Student Rewards…That Aren’t Junk Food!

Have I mentioned that I’m tired of all the junk food at my daughter’s elementary school? And I am not talking about what they’re serving in the cafeteria. I am talking about the junk food that’s constantly being used for rewards, parties and activities. Here are just a few examples…


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  • “Box top” prizes where winning class gets a donut or cupcake decorating party
  • Skittle sort (why not a button sort, which could even be reused the following year?)
  • Cake for the entire class (from the cafeteria) almost every time a student has a birthday
  • School “spirit” events at fast food restaurants and pizza places
  • “Popsicles with the principal” for top fundraising students
  • Celebrating the 100th day of school by stringing 100 fruit loops onto a necklace (cute idea, but I’m confident some healthier alternatives could be just as much fun)

But rather than just sitting here complaining about these issues, I thought why not do something about it instead?! As you may know, another mom and I teamed up to offer our school a healthier “nut-free” snack list so now we are doing the same when it comes to student rewards. And I’m finding that there’s no better place to brainstorm for ideas than my facebook page (thank you everyone for your wonderful ideas).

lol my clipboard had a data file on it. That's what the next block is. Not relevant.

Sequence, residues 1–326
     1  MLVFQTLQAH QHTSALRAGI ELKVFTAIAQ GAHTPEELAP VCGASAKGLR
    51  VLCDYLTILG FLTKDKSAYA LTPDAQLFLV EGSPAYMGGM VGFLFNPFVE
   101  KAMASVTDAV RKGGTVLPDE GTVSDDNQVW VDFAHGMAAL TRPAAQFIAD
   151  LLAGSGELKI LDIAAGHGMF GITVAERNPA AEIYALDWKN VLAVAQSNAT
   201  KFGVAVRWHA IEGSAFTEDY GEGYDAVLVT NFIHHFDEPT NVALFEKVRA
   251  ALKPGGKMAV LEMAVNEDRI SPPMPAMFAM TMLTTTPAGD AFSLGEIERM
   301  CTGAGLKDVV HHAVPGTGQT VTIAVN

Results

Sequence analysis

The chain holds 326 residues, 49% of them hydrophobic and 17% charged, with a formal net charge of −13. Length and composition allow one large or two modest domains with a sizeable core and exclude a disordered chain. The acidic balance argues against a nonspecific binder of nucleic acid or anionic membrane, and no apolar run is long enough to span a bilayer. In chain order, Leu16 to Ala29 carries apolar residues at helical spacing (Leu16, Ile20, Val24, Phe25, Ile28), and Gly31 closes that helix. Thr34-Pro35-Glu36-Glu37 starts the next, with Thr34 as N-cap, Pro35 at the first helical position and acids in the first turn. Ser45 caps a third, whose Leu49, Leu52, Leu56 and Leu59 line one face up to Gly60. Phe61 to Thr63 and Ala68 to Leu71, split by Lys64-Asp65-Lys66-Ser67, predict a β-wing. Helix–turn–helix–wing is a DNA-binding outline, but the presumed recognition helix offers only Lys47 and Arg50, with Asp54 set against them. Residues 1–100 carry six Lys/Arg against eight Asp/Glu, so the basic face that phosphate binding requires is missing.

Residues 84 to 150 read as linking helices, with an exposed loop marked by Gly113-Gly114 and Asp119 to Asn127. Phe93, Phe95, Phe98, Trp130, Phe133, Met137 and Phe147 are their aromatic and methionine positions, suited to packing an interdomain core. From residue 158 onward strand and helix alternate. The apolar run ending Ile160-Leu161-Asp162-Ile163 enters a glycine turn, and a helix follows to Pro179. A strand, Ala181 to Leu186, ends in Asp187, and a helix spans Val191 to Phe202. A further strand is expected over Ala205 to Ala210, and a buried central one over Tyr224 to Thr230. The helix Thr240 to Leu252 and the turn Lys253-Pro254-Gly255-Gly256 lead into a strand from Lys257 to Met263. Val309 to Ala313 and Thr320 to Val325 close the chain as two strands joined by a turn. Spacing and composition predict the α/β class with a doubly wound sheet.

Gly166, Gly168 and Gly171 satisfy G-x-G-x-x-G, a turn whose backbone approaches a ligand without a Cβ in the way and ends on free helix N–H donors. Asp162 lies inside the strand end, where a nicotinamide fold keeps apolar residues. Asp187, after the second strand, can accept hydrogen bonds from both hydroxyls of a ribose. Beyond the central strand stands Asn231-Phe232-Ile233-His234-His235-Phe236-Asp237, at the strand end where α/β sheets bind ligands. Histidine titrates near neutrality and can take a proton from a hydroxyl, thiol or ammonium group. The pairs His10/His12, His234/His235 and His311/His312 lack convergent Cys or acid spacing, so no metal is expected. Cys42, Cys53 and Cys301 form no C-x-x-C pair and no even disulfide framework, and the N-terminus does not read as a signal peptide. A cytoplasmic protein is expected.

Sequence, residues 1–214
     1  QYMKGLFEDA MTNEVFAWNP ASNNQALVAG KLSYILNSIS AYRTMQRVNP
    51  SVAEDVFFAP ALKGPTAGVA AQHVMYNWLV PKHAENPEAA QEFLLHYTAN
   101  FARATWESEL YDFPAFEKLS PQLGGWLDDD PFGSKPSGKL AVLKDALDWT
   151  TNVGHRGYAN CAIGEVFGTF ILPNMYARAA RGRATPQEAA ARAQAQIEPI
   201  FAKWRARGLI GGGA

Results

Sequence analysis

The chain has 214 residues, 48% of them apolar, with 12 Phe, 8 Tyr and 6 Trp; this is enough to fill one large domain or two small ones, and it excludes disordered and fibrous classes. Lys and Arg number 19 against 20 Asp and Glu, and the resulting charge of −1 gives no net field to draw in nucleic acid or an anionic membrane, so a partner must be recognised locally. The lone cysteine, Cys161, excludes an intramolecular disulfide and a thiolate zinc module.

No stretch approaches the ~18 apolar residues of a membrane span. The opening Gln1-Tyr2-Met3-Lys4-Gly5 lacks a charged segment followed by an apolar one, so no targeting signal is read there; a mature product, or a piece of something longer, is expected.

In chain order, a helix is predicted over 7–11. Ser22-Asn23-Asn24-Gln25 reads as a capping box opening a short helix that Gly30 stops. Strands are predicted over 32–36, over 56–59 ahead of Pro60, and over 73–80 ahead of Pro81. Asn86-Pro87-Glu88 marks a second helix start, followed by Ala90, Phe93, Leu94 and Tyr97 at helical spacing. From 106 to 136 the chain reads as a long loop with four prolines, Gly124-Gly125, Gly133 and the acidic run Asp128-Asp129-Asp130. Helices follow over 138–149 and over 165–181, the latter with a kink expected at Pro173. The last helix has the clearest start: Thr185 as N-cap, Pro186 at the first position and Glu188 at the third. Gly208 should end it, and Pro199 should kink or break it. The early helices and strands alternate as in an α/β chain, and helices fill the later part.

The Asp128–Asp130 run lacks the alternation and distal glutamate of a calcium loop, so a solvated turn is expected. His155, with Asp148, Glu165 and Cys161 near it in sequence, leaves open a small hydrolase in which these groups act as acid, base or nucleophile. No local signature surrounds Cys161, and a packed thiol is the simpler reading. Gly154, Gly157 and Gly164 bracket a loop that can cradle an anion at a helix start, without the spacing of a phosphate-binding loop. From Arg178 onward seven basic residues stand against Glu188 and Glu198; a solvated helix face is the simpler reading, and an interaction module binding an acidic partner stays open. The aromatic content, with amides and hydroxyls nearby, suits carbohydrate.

So without further ado here’s a long list of student rewards…that aren’t junk food! We plan to submit this list to our school administration and PTA and hope you’ll consider doing the same by downloading the printable version. And as always, please leave any additional ideas in the comments below.

Student Rewards…That Aren’t Junk Food!

(click for printable version)

Group/Class Rewards

  • Extra playground time
  • Pick different seats to sit in for a day
  • Teacher wearing a silly outfit or hat (let the class decide…one reader even said a teacher wore her wedding dress to school!)
  • Afternoon movie (as an individual reward one student could be allowed to select and bring in the movie for the class)
  • Lunch in the classroom
  • Dress up days…let the class vote!
    • Pajama day (can also incorporate sleeping bags/blankets)
    • Crazy hair day
    • Farmer day
    • Stuffed animal day
    • Backward day (wear clothes backward and even follow the class schedule backward!)
    • Camp out day (kids bring sleeping bags and teacher brings a tent)
    • Hat day
  • Book swap party (each child brings a book they no longer want and “trades” with their classmates)
  • An art or craft party
  • A game the class plays together (like bingo or kickball)
  • If it’s warm outside…water play in bathing suits
  • Plant some flowers or plants together at the school
  • Paint birdhouses together to put up at the school
  • Dance party with music